Way We Were: Funding the local radio
Park City Museum researcher
This is the second article in a four-part series.
In 1978 Blair Feulner, the future general manager of KPCW, went public with plans for a local radio station. As a non-commercial station, KPCW could ask the community for support (and would need to).
Support it the community did. Over 200 Parkites showed up at Car 19 Restaurant and Bar (now Flanagan’s on Main) full of enthusiasm and enough donations to cover the application fees from the FCC. Syd Reed, longtime Parkite and original supporter and volunteer for KPCW, reflected on those early fundraisers during KPCW’s 25th Anniversary celebration in 2005, saying “When the radio station started, everybody was at the Car 19. Everybody wrote a check and we still do write checks to KPCW because this is our town. If we didn’t do it, it wouldn’t get done.” July 2020 marks the station’s 40th anniversary.
Pledge drives are common for nonprofit stations, but when Susan Finegan came on board in 1982 as development director, she made unique enhancements to the system, creating what she called “room mothers” to be in charge each day to encourage their circle of friends and family to donate. KPCW still recruits various community groups to sponsor an hour each day and reach out to their employees, clients and fans to call in during that hour.
In a 2005 interview Finegan explained, “When I started we were so isolated from other public TV and radio stations we didn’t have any example to follow. So we didn’t know we were supposed to buy tote bags and mugs. We went out and begged (for) ski passes from Deer Valley and meals from restaurants and banana splits from Dairy Queen.” In 1984 she added the silent auction piece, which exponentially increased donations.
Finegan retired in 2005 but her ideas have been expanded and refined in the 15 years since. The very first pledge drive netted $6,000. In 1984 KPCW overshot a $15,000 goal by $8,500. KPCW sets a much higher goal now — the last regular pledge drive held in March brought in $205,000.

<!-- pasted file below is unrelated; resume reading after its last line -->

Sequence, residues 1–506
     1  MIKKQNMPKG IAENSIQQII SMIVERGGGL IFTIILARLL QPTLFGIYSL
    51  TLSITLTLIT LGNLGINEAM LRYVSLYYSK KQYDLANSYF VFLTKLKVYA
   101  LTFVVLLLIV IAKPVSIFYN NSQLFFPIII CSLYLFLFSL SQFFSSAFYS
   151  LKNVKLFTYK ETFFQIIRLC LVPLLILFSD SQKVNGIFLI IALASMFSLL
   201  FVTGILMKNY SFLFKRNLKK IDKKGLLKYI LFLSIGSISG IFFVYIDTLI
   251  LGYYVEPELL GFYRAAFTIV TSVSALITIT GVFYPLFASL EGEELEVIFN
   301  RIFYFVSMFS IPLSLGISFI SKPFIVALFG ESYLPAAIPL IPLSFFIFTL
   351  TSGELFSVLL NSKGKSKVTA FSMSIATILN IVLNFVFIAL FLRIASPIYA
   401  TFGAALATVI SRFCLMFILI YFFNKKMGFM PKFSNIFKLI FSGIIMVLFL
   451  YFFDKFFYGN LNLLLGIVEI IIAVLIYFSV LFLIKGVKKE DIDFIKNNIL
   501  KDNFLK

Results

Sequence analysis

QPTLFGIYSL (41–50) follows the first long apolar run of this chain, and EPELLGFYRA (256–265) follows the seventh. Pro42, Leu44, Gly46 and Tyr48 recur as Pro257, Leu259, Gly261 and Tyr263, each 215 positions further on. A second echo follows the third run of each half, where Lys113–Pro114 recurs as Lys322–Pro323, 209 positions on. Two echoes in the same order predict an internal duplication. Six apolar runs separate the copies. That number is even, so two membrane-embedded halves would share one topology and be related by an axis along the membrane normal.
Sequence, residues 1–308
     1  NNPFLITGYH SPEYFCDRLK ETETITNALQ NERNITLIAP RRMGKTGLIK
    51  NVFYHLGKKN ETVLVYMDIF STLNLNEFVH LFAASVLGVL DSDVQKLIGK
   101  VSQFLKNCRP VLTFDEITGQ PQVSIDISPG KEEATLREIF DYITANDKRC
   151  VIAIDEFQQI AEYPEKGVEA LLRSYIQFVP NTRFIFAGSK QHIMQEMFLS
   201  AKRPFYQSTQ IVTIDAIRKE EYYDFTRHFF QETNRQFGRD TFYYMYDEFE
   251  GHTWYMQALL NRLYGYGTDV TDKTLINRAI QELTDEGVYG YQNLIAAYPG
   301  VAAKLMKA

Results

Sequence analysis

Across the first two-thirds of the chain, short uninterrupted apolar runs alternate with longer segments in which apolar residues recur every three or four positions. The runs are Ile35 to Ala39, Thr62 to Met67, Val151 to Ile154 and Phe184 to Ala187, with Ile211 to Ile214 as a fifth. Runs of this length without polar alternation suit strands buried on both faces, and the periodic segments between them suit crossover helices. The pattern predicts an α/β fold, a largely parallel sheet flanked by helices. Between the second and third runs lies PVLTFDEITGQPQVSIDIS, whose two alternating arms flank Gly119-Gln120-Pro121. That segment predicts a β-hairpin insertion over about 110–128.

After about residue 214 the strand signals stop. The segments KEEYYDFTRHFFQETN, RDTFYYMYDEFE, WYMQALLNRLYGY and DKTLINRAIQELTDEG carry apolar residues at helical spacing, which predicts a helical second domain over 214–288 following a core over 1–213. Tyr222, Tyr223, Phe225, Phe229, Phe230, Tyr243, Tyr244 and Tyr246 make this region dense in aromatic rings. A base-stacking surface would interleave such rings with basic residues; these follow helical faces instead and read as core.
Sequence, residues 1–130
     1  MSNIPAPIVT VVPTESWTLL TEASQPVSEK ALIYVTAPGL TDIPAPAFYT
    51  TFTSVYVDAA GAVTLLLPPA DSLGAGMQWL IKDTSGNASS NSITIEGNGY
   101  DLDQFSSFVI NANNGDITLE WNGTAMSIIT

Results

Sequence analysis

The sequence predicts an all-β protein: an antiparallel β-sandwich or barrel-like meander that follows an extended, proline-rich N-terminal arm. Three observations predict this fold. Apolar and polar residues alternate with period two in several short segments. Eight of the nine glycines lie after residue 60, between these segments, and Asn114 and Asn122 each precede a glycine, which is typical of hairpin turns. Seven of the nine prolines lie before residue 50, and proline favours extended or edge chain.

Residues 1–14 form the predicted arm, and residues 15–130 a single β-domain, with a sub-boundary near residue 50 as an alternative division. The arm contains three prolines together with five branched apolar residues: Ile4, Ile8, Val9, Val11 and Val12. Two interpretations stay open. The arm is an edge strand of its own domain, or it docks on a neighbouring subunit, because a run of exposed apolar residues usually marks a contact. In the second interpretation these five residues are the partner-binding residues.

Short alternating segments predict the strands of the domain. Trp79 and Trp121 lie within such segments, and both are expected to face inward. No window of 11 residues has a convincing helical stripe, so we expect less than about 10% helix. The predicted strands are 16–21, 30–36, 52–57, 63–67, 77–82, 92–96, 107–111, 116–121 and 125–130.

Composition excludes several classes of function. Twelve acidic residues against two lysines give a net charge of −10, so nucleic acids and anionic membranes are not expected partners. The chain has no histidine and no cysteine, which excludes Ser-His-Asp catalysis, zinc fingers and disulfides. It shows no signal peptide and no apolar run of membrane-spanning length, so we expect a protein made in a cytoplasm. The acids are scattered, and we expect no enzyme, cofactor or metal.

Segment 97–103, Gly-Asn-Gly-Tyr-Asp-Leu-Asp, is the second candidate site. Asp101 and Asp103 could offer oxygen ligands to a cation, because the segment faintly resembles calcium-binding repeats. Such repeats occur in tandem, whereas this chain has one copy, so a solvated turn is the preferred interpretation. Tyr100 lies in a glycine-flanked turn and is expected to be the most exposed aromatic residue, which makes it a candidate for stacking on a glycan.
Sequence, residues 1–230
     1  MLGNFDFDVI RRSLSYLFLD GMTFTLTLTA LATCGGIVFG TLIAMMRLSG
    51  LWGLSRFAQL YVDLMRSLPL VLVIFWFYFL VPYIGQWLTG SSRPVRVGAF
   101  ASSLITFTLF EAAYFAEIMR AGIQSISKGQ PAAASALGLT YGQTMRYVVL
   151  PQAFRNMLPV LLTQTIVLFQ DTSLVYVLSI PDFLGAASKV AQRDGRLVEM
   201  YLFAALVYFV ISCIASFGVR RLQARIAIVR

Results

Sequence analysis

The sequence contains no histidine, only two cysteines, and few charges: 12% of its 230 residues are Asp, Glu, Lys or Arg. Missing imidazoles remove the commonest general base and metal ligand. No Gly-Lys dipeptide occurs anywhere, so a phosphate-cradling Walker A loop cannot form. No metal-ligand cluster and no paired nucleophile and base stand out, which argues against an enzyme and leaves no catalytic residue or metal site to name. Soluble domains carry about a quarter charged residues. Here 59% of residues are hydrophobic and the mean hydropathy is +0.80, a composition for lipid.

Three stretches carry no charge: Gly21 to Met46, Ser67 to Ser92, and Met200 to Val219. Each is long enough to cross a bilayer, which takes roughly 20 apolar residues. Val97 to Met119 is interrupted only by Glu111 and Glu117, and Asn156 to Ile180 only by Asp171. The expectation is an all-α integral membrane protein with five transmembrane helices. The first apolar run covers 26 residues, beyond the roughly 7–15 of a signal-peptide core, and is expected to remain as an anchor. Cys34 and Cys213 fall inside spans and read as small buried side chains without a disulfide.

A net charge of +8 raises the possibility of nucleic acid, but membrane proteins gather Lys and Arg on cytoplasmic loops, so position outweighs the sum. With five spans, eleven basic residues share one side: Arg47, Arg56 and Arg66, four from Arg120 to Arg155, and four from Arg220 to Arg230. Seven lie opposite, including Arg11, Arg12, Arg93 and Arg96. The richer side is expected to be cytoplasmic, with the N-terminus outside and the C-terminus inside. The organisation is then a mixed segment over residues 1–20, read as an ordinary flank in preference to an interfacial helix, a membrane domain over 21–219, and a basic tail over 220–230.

The fundraising has not always been limited to pledge drives and silent auctions.
If you’ve been around since the early 1980s perhaps you attended or performed in one of the KPCW Air Band Competitions. Rick Brough, who was a reporter for The Park Record at the time, recalls that the competitions went on for a couple of years and featured acts that lip-synched or acted out popular tunes. “I remember one prize winner was a couple that acted out the entire story of Meatloaf’s ‘Paradise By the Dashboard Lights,’” he noted.
Today, KPCW hosts two annual music-filled fundraisers: Back Alley Bash in the summer and the Main Street Music Crawl in the fall.
To see some early scripts for KPCW programs, head to the Park City Museum’s website to browse the KPCW Radio collection finding aid and schedule an appointment in the Research Library.
Support Local Journalism
Support Local Journalism
Readers around Park City and Summit County make the Park Record's work possible. Your financial contribution supports our efforts to deliver quality, locally relevant journalism.
Now more than ever, your support is critical to help us keep our community informed about the evolving coronavirus pandemic and the impact it is having locally. Every contribution, however large or small, will make a difference.
Each donation will be used exclusively for the development and creation of increased news coverage.
Start a dialogue, stay on topic and be civil.
If you don't follow the rules, your comment may be deleted.
User Legend: Moderator Trusted User
Park City school board now has the power to pursue facilities projects without voter approval but says bond measure is still ahead
The Park City Board of Education can now bond for projects without voter approval, but the board president says the plan for large-scale facility projects is still to put the question to voters in 2021.